According to BNFL press officer Jamieson R. Reed, the company encountered a problem during active commissioning for MAC diversion. MAC is medium radioactive liquid waste from reprocessing.
Arising from reprocessing
The delays made it impossible form BNFL to meet the proposed date of 31 March 2003 for the diversion. Instead BNFL had to repeat a stage in the commissioning process, before the process could get approval from the Health and Safety Executive (HSE).
There is currently no agreement from HSE to proceed with MAC diversion, but nor can there be until BNFL have completed successfully all of the stages of the commissioning process.
The MAC-diversion plan involve the conversion of all MAC arising from Magnox-reprocessing to solid waste, which then can be stored in steel containers pending future deposition. Today MAC is discharged to the Irish Sea through EARP purification plant. Though EARP does clean out most of the other nuclides, it does not clean out Tc-99. Put into operation in 1964, the Magnox-reprocessing plant is by far the oldest of the two plants at Sellafield. The second reprocessing plant at Sellafield, THORP, commenced operation in 1994. Depending on the fuel burn-up, reprocessing of Magnox fuel generates between 20-30 TBq of Tc-99 annually. In comparison, the annual discharge of liquid Tc-99 waste from THORP is about 1 TBq. Hence MAC-diversion is part of a plan to reduce Tc-99 discharges.
BNFL do intend to implement MAC diversion, but it is still not clear when the process will be operational. BNFL says the sample result and the subsequent requirement to wash out and restart commissioning has led to a loss of a minimum of four weeks on the programme.
This has led to frustration in the Norwegian Ministry of Environment. In December the UK Government announced it would consider to put a moratorium on all the Tc-99 discharges from Sellafield. But more than three moths later the Environment Agency has apparently still not received any direction to explore the possibility of a moratorium. In March this year yet another batch of Tc-99 was discharged into the Irish Sea from backlogs of historic waste.
Now the Norwegian Minister for the Environment, Mr Børge Brende, is getting increasingly impatient. Monday last week Mr Brende once again wrote a letter to his British counterpart, regarding the moratorium.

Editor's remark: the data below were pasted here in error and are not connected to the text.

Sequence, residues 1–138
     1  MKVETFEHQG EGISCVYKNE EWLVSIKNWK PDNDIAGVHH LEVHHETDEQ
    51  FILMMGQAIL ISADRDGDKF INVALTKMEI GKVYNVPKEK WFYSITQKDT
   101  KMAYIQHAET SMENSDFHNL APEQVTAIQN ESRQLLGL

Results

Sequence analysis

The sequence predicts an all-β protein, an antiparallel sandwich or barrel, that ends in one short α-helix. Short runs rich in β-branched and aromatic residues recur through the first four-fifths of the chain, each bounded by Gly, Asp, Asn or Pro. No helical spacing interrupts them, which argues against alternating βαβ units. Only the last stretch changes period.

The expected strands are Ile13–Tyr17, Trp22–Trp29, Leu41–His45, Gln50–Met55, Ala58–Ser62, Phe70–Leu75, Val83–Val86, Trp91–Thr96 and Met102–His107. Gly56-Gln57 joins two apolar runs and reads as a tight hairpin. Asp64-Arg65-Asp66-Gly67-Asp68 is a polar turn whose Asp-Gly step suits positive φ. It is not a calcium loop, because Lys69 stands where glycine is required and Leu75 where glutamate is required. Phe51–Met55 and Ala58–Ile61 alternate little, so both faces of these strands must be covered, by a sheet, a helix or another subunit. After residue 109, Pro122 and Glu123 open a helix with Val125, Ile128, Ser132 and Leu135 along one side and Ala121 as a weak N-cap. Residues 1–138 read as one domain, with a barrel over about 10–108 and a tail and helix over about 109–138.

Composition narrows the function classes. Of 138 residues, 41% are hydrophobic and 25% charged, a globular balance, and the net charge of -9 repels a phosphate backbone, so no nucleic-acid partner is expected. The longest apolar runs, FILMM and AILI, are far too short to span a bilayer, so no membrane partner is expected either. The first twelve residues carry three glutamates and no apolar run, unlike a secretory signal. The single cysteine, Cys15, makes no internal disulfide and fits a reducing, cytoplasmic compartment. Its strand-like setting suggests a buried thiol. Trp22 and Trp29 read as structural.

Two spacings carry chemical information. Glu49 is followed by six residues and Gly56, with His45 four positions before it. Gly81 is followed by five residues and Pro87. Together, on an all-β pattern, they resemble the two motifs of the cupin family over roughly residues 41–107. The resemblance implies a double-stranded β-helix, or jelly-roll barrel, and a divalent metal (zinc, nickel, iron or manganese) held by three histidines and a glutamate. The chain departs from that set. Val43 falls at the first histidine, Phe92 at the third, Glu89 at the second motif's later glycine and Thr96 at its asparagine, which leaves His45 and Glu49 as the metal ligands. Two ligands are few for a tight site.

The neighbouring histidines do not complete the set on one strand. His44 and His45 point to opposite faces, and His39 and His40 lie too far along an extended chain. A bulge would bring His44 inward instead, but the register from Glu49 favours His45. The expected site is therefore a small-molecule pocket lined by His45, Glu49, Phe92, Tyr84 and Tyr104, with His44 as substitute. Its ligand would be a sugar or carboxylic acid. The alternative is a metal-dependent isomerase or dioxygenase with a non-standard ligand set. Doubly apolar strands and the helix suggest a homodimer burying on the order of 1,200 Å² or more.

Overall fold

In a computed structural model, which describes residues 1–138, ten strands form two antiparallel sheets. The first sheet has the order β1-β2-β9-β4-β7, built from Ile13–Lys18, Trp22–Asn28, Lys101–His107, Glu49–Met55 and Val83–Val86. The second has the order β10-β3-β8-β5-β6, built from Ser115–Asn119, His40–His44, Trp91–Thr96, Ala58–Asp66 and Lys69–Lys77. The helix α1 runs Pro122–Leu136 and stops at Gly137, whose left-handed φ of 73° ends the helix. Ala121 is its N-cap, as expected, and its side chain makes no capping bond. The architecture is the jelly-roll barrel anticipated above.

Mr Brende wrote: Future delay of the process to implement a moratorium could easily leave the impression that the UK strategy is simply to postpone the final decision as long as possible, while the remaining volume of Tc-99 is steadily discharged to sea.
The Norwegian minister is also asking for a meeting with Mr Meacher in London as soon as possible.
The Bellona Foundation has argued that a moratorium has to be introduced at once. But the British Environment Agency has a different opinion. In their response to the ministers, EA has written: ..a moratorium on MAC treatment pending future TPP investigations does not seem to us to be a constructive way forward that would lead to a viable means of treating MAC in store to remove Tc-99....
While British officials are talking about how to deal with a possible moratorium, BNFL has started to wash out the evaporator, which cause the MAC-diversion problems. The B268 evaporator has been shutdown, washed out and restarted using a different method. Further work is now underway to investigate the impact of the high uranium concentration on the evaporator and the quality parameters.
With no further significant delays to the programme BNFL still believe it will meet the proposed date (the end of financial year 2006/07) to process the historic MAC liquides currently stored in B211. This would mean the discharge of at least more than 200 TBq Tc-99 to the Irish Sea.
This April, Environmental Foundation Bellona, BNFL, and Norwegian NGO Lofoten mot Sellafield will arrange a conference at Sellafield regarding the Tc-99 discharges.